Plant of the Week: Leadplant
The High Line’s planting design is inspired by the self-seeded landscape that grew up between rail tracks after the trains stopped running in the 1980s. Today, the High Line includes more than 300 species of perennials, grasses, shrubs, and trees – each chosen for their hardiness, adaptability, diversity, and seasonal variation in color and texture. Some of the species that originally grew on the High Line’s rail bed are reflected in the park landscape today.
This week we share one of our gardeners’ current favorites with you.
Amorpha canescens, or leadplant, is a small deciduous subshrub native to open woodlands and prairies in the central United States. It now grows outside of its native range throughout the Eastern states as well. A member of the Fabaceae family, leadplant roots have bacterial nodules that convert atmospheric nitrogen into a usable form in the soil for the plant and its neighbors to use. This symbiotic relationship, called nitrogen fixation, is common in the Fabaceae family. Leadplants prefer full sun, and may sprawl in partial shade conditions. This deep-rooted plant recovers well from animal browsing, fire, and winter die-back.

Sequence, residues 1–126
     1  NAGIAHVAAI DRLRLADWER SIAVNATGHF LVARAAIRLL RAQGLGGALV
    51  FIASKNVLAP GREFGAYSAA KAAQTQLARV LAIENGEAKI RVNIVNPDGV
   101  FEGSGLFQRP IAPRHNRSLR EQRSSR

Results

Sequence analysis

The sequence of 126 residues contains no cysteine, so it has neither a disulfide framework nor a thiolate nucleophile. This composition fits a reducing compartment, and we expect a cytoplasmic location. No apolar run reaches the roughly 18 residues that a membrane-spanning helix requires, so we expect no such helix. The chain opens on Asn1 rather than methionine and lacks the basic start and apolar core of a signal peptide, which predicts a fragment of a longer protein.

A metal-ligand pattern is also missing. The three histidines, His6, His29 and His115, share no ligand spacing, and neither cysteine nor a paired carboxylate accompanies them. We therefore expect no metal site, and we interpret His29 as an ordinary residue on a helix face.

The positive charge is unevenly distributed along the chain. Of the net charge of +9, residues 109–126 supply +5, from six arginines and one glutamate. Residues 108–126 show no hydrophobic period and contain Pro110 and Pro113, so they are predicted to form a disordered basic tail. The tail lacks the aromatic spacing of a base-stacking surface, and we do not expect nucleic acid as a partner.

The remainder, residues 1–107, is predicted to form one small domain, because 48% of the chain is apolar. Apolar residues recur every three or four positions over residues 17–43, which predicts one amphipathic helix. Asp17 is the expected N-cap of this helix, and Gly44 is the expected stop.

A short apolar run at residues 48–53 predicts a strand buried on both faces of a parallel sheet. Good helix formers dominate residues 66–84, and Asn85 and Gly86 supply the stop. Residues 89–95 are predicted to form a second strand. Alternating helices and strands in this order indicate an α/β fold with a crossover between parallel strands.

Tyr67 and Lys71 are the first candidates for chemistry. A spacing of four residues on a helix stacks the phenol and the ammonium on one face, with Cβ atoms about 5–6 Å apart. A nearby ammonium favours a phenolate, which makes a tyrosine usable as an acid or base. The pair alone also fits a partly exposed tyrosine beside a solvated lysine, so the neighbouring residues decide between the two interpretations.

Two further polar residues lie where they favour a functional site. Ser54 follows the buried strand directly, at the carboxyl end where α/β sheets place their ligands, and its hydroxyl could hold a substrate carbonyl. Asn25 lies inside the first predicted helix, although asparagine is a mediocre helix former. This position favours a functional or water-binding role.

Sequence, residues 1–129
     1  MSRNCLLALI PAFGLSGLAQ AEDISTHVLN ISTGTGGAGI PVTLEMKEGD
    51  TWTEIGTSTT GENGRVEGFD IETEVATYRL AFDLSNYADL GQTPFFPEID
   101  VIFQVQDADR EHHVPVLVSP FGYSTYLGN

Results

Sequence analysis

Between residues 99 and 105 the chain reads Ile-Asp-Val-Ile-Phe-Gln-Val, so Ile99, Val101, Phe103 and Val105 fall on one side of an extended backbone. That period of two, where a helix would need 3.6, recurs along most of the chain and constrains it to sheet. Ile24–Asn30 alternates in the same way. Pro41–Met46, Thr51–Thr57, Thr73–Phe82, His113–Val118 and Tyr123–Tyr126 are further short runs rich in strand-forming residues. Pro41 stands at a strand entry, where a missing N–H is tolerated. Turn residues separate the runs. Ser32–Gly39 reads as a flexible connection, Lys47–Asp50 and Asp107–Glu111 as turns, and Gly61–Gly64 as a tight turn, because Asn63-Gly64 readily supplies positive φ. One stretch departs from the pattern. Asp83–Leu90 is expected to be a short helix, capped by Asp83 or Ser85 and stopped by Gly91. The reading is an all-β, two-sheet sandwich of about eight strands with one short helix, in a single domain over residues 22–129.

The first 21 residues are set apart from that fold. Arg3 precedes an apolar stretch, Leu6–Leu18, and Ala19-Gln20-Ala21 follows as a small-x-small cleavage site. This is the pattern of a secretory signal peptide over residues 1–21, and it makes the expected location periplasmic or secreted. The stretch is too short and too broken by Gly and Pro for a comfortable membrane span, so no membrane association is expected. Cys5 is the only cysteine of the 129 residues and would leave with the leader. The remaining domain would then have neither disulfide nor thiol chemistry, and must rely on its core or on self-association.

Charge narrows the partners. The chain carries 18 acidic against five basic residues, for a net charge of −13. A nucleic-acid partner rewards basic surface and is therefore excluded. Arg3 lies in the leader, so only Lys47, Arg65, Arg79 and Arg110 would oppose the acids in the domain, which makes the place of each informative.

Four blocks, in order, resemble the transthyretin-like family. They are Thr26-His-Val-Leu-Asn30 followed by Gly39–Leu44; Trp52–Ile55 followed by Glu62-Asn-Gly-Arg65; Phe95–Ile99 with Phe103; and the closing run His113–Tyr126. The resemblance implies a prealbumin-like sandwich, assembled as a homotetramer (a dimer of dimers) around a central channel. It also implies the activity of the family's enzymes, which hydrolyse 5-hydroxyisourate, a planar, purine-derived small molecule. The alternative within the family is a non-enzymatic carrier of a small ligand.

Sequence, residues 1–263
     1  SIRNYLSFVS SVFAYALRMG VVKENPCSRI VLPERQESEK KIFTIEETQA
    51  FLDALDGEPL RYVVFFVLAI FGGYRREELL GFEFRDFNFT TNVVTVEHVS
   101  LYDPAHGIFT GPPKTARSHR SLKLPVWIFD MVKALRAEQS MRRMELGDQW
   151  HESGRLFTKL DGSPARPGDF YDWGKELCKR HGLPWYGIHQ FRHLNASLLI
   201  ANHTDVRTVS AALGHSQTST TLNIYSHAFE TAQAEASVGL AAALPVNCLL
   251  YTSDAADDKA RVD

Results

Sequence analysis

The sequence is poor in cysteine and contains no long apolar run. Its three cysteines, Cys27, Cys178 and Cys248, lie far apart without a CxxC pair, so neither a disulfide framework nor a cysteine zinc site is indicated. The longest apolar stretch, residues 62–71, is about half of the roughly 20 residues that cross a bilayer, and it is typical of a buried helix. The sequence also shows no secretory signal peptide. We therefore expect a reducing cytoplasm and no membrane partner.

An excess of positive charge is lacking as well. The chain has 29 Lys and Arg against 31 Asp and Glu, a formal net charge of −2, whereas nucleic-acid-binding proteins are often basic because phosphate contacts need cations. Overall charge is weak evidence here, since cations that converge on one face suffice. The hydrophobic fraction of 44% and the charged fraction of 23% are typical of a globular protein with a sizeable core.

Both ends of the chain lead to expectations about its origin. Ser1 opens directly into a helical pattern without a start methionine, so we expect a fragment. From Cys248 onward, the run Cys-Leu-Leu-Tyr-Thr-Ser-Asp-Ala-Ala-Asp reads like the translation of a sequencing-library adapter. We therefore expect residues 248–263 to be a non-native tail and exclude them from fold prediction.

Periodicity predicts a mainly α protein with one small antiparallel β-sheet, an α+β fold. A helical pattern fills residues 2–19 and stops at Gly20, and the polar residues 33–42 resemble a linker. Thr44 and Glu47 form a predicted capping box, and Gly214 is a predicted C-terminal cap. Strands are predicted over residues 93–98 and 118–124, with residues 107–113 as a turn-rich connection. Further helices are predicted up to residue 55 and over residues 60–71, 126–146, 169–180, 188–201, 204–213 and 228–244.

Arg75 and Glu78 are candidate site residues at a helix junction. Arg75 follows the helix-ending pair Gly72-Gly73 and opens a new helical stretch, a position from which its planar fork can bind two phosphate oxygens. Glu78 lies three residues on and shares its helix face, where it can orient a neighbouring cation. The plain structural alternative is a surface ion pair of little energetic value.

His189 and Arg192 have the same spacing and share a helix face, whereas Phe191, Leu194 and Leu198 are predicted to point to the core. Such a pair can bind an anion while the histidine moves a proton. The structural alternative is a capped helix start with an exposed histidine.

Slender stems covered in fine white hairs support small, gray-green pinnately compound leaves that emerge in late spring. Many insects and animals are fond of feeding on its foliage, which is high in protein. Showy purple terminal flower spikes bloom in late summer and attract a variety of pollinators. The delicate, clustered seed spikes of the leadplant provide winter interest in the garden.
WHERE TO SEE THIS PLANT
Now is a good time to observe Amorpha canescens, while herbaceous perennials are cut back all around it on the High Line this month. You can find leadplants growing throughout the park – in the Washington Grasslands, Hudson River Overlook, Chelsea Grasslands, and in the Wildflower Field.